Here’s a brief article from Arizona State University news on Sharon Crowley and her book Toward a Civil Discourse: Rhetoric and Fundamentalism, called Rhetoric book looks at ‘second coming’ (from August 28, 2008).
I’ve definitely got to read this book.
Crowley’s goal is to help find a civil discourse in which we can all listen (and talk) to each other. Her audience, the article indicates, is the academic community. But I hope a non-academic conservative Christian could read it and be drawn in and be given reasons to want to listen to others’ views. That seems to be me the key to finding a civil discourse: recommending ways to do it (and the theory behind doing it), but also demonstrating it.
The article (written by Judith Smith) summarizes the problem Crowley sees in this way:
Crowley believes that the United States is dominated by two powerful, antagonistic discourses—liberalism and Christian fundamentalism, and that each group paints a very different picture of the United States and its citizens’ responsibilities.
Yep. That’s true. That is the problem, right there. And it’s good to help us all see that basic reality.
I get to be in neither of those camps, at least not in these simple terms. I’m a nowhere woman. But that’s a good place. How does the song go? “She’s a real nowhere woman.” I hear John Lennon in my head (or is that McCartney?). I’m not “liberal” (not in the sense that the word is very often used — as a secular liberal or a non-religious liberal), and I’m not “fundamentalist.” I am, though, evangelical in many ways (one being my belief in the deep importance of the biblical texts, the scripture — as well as the importance of understanding the role of the interpreter of that scripture). Hopefully, I’m in a good position to help with the project, the project of making a space for civil discourse which brings together those two “powerful, antagonistic discourses.”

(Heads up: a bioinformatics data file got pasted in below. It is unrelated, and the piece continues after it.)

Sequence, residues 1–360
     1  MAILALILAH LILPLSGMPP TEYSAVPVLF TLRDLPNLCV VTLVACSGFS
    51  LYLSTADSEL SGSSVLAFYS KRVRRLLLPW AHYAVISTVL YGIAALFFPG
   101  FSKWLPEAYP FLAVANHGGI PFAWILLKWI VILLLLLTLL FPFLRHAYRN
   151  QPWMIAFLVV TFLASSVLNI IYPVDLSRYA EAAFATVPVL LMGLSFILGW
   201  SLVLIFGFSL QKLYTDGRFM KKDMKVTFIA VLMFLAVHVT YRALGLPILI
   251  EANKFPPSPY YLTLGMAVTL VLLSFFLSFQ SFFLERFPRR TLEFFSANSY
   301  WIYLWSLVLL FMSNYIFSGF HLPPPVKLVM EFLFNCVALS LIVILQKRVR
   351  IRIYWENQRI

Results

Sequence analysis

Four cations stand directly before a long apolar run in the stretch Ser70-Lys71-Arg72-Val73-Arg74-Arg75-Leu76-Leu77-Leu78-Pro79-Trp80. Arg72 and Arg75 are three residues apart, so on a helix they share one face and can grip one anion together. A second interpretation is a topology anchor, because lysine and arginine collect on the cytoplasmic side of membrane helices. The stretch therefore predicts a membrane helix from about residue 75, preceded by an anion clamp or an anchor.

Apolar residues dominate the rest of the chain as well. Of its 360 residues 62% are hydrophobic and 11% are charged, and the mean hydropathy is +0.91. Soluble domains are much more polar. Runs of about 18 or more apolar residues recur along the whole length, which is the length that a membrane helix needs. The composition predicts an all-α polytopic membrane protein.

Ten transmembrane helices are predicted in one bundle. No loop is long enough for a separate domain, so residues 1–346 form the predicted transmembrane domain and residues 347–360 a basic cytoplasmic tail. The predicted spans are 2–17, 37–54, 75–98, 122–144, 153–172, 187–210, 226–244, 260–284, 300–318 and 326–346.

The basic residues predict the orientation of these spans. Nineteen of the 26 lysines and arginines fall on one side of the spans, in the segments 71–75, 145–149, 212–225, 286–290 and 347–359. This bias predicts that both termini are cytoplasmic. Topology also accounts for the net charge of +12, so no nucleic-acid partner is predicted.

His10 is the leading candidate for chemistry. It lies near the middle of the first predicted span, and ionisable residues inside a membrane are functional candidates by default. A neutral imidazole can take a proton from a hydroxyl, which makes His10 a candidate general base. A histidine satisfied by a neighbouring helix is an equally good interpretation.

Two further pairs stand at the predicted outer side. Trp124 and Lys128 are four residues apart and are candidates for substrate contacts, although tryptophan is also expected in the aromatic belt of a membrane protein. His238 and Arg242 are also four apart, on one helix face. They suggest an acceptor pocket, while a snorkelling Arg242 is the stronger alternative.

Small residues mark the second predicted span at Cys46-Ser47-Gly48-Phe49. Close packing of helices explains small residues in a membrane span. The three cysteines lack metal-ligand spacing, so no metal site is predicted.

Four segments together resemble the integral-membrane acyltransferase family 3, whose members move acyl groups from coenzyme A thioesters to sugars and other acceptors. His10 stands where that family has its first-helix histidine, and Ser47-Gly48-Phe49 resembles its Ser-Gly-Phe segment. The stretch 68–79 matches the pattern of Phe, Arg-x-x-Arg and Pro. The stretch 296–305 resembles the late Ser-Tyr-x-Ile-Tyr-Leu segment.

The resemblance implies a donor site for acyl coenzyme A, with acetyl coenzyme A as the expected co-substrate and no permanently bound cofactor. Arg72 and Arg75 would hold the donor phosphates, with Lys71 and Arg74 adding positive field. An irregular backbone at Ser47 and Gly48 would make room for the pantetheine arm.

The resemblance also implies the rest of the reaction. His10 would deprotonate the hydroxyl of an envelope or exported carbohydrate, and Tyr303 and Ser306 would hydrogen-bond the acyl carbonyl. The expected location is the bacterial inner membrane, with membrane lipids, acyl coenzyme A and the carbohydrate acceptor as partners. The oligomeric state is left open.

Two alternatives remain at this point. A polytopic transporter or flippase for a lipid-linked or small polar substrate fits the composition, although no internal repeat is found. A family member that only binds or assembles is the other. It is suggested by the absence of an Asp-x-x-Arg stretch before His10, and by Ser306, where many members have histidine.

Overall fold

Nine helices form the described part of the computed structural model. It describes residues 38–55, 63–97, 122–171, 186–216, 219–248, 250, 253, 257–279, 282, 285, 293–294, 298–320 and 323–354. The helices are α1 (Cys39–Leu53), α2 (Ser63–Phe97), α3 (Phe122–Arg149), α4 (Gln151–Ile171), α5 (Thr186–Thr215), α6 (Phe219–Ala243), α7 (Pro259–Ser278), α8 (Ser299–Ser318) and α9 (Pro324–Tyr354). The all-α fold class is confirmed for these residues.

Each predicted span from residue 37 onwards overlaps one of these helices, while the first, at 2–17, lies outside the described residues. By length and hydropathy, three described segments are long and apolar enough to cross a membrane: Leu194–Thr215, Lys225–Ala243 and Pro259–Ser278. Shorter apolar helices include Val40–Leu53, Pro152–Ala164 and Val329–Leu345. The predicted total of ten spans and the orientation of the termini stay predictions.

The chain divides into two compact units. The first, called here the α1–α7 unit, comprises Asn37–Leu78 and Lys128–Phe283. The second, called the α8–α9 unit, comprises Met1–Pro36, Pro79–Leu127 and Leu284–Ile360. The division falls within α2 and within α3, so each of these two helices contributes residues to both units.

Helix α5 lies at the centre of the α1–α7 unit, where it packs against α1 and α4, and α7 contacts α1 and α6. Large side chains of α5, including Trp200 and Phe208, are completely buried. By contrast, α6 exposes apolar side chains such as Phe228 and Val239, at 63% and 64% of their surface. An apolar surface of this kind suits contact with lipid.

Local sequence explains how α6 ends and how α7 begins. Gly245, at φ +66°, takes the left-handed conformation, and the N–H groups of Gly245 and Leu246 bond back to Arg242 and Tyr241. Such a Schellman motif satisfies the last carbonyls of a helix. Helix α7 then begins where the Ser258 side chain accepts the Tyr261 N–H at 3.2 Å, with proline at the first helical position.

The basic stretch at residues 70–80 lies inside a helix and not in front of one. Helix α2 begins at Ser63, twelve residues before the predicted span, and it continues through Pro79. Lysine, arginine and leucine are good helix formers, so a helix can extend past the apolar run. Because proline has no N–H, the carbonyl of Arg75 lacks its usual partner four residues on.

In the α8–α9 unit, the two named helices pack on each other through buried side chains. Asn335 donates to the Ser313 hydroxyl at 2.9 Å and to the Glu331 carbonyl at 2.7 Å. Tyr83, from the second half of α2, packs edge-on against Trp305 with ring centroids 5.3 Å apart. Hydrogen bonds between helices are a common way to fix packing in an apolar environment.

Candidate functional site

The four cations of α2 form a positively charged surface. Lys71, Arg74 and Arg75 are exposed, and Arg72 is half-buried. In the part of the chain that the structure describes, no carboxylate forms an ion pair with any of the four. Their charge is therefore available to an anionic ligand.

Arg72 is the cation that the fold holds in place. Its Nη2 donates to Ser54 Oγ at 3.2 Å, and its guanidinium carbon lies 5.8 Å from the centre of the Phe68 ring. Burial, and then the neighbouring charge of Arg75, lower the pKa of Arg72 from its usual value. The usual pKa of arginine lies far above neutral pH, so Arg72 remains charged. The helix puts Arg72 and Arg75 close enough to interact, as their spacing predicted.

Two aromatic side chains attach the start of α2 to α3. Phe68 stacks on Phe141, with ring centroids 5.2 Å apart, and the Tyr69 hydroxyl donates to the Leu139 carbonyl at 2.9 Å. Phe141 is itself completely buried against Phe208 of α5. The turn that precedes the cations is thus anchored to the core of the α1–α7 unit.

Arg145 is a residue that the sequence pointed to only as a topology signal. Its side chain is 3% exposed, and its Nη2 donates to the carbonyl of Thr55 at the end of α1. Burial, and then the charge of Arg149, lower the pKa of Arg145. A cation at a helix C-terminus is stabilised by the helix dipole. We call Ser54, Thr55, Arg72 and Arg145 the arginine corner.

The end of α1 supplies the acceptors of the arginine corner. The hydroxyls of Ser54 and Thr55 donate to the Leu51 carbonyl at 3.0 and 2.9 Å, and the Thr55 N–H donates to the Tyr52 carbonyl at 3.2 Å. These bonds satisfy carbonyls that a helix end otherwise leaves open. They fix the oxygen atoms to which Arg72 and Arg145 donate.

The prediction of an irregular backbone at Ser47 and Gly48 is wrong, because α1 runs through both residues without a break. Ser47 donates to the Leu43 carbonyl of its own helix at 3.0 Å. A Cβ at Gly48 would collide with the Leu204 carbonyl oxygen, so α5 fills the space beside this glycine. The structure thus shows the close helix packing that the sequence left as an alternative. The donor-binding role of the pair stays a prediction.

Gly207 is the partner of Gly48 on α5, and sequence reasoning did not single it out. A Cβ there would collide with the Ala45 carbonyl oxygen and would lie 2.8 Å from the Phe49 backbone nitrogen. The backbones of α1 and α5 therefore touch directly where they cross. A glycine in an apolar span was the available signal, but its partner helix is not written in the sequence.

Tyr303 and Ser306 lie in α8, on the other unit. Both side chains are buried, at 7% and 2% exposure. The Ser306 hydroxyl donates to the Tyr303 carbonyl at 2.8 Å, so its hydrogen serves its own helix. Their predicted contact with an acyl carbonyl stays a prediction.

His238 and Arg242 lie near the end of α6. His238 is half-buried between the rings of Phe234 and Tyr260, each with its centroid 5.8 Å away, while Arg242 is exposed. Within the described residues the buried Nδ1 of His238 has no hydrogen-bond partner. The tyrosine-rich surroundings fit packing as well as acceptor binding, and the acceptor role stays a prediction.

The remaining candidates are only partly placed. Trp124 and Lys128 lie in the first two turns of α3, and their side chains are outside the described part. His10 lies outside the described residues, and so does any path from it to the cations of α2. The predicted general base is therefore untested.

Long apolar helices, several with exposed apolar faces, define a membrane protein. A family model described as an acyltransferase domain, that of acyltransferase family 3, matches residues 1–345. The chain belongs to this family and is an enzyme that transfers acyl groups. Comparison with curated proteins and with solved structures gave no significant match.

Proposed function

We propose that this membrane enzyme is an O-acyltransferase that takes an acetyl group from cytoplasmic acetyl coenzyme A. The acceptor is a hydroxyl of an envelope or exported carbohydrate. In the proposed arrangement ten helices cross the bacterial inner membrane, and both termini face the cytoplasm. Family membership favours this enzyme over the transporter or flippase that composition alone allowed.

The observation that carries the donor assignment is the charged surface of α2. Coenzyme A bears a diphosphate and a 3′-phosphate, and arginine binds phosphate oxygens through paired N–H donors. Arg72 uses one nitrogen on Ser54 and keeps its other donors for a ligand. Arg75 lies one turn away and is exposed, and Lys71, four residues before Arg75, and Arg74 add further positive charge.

And Crowley’s point reminds me of how I was thinking the other day how much the reason that we have to have a “separation of church and state” is not because religion and government necessarily cannot mix, but that they cannot mix when any religion is dominant. This is obvious, but I don’t think we think about it much. It helps me focus on the real problem. The problem is not religion. The problem is dominance, hegemony. Obviously, Christianity is (still) the very dominant religious force in this country (and in the west, in general — even though we count Islam as a western religion, we think of Islam, at least in the 21st century, as “non-western”).
Okay, where was I? :) Oh yes — Christianity is very dominant (among religions). So, obviously, if you took Christianity totally out of the mix (yes, that takes some imagination) and all the remaining religions were all somewhat equally balanced in power. Say, you had a primary season and there was a broad mix of religions represented among the candidates. One was Jewish, one was Buddhist, one was Pagan of some sort, even one was Muslim (because in this country Islam is not dominant — though of course it is elsewhere) etc. Okay, if so, I can imagine hardly anyone would worry about what the candidates said about their religious beliefs or how those beliefs would influence their policies. If we’d gone for two hundred years without any ONE religion dominating (again, hard to imagine), we might’ve become fairly comfortable with our leaders and legislators using the religious parts of themselves in their decision-making. And we may have even never come up with the concept of separation of church and state. The American colonists, the founding fathers, came up with it because they were worried about a dominant religion. But without that worry, I’m saying, we wouldn’t worry (ooh, profound :)). Okay, again, that’s obvious. But it helps me think all this through. Problem = hegemony, not religion. Religious hegemony, not religion itself.